The intention of this film is to protect and elevate the voices of native women, too many of whom have been silenced, ignored, abused and forgotten. Increasing the visibility of their powerful journeys through loss, survival, and resilience is an essential part of informing the dialogue regarding feminism, #metoo, Black Lives Matter and every movement that aims to heal wounds and complex forces that perpetuate inequality. 

These mistreated individuals and communities serve as a mirror for how we as humans have been conditioned to treat one another, ourselves and our environment. The Mother Earth is in trouble and it is important to note that these First Nations are the keepers of the true understanding and balance of this Earth and all its inhabitants. As they say,  Mitákuye Oyás'iŋ, we are all related.


A matriarchal society upended by centuries of genocide and colonialism has disenfranchised the Lakota women and simultaneously reinforced their roles as the backbones of their communities and the keepers of their people's ancient wisdom. These are the powerfully rich stories of the brave women and children living in one of the poorest places in the United States. 

With exclusive access to these women’s lives over a period of two months, we recorded their stories as they re-lived their most traumatic experiences and let us into their daily life experiences. Along this journey, we learnt how it all came to be and heard their hopes for a brighter future. The results are honest, heart-breaking, beautiful and indispensably pertinent to understanding the world in which we live in today.

featured stories

10 years old -  born to a mother struggling with alcoholism and methamphetamine addiction. She is now being raised by her father’s partner Vandee - 42 years old - herself a victim of drug abuse and teen sex-trafficking, who has dedicated her life to other Missing and Murdered Indigenous Women and Girls (#MMIWG).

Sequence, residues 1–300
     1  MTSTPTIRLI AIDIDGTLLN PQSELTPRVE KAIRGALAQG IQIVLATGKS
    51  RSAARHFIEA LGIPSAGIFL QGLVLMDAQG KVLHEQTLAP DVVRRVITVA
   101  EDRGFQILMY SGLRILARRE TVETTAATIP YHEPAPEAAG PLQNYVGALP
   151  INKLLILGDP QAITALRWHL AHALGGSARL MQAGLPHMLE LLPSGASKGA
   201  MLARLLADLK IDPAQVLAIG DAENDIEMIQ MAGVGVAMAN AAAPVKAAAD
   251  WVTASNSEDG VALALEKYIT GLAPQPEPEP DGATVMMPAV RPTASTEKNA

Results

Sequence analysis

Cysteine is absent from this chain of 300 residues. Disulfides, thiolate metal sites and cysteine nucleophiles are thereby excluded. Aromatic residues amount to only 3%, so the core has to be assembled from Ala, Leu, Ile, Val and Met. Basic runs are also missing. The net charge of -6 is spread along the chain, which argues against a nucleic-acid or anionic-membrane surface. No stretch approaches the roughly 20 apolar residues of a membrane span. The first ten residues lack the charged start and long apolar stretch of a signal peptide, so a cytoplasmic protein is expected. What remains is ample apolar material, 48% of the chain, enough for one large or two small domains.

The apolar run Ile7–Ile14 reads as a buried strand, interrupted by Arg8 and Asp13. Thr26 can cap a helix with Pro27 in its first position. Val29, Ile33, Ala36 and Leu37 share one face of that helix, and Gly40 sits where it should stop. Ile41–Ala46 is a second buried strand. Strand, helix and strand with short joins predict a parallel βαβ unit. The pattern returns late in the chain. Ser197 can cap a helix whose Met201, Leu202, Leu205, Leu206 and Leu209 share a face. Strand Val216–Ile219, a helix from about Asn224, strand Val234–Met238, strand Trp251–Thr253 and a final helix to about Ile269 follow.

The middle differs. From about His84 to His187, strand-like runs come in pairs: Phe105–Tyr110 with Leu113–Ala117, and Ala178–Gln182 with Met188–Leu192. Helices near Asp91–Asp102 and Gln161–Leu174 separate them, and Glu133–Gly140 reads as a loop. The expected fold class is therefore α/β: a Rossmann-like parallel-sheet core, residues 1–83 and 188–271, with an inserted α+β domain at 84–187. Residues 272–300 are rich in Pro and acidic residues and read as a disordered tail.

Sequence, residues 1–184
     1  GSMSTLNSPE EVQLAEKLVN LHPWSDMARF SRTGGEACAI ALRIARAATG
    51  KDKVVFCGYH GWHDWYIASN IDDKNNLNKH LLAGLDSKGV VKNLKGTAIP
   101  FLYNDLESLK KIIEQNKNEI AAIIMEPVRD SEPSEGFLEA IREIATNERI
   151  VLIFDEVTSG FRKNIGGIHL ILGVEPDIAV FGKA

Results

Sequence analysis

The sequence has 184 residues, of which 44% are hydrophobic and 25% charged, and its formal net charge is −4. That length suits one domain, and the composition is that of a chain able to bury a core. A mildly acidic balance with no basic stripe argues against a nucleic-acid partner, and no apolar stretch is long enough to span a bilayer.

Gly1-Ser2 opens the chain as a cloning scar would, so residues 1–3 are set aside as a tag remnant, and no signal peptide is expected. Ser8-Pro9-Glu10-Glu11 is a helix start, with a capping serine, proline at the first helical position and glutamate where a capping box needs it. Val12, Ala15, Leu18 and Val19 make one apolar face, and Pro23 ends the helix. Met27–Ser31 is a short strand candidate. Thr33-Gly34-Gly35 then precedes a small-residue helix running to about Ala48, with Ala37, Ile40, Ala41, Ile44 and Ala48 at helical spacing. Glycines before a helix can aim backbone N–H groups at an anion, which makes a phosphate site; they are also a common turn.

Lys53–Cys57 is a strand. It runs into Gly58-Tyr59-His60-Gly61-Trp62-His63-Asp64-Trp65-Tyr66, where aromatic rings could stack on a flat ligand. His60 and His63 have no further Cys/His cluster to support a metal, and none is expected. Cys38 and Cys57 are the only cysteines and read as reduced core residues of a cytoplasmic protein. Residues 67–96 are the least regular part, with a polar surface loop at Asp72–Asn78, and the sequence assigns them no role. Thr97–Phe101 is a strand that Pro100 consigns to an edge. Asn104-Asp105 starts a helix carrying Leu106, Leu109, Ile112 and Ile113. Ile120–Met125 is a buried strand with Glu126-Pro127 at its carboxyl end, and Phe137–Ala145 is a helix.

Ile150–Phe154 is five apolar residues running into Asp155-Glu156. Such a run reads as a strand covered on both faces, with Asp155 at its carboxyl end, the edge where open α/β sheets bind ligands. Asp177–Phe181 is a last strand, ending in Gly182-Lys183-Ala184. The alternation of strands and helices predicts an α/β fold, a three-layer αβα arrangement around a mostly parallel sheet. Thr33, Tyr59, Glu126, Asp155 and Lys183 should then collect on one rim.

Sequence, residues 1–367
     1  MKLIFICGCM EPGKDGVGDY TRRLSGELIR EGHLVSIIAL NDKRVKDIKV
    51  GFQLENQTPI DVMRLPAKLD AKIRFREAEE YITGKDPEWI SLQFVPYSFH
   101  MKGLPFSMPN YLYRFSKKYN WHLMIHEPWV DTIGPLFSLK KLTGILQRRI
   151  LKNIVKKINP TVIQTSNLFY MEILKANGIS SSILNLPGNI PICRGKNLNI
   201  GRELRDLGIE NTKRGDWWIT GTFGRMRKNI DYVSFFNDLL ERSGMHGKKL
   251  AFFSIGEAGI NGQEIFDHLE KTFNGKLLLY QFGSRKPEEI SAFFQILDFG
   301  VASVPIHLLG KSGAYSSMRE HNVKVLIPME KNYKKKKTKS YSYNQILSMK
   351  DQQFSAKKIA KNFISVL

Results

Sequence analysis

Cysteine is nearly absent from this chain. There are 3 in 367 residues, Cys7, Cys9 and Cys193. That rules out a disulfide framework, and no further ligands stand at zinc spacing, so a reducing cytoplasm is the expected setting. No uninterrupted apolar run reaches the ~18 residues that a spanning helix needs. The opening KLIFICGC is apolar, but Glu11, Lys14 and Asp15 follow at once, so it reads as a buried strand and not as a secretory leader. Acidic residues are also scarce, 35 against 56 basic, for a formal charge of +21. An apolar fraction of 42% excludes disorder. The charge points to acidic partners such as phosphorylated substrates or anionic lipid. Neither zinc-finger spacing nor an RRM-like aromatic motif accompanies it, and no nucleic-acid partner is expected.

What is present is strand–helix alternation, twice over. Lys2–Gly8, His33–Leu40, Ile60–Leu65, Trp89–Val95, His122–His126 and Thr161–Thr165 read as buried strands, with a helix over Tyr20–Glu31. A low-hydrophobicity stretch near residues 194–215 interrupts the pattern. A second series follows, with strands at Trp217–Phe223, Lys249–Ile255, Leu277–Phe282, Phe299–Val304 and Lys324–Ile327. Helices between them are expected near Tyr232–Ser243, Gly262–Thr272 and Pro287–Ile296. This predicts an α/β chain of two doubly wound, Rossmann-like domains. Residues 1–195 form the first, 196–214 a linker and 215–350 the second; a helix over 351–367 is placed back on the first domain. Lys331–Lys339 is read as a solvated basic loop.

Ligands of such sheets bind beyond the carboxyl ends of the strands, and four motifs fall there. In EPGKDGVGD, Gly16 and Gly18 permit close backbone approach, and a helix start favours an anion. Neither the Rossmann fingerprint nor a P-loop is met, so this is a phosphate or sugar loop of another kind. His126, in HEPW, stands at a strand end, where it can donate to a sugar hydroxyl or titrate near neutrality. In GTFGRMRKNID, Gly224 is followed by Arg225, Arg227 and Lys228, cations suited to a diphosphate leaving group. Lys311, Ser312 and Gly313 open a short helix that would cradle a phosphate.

20 years old - survivor of rape and abuse. She is studying Tribal Law and guiding the youth in their Native ways as a competitive dancer and horse racer.


32 years old - is an artist, activist, poet, and teacher fighting everyday to help her students remember the Lakota ways in a world that wants them to forget.


60 years old - who lost her daughter in a suicide that was never investigated. She is revered by many for her sacred role as a preparer of traditional foods for ceremony.

67 years old - shows younger generations of women the sacred Lakota ceremonies and reminds the Lakota people of their traditional tribal ways in their own language on her weekly radio show.

97 years old - an elder whose life of activism and unwavering hope has stood in the face of a century of oppression to carry the torch for indigenous rights and value.


The Elders are the wisdom keepers. We must pay attention to these women as their voices are going unheard much to the detriment of their lives and their loved ones.

Murdered, sex trafficked and missing Indigenous women are being swept under the rug at an alarming rate which should not be happening in this current day and age.

Many non-indigenous people still hold onto the understanding that Native American lives hold no value and therefore are the most in danger of being sex trafficked.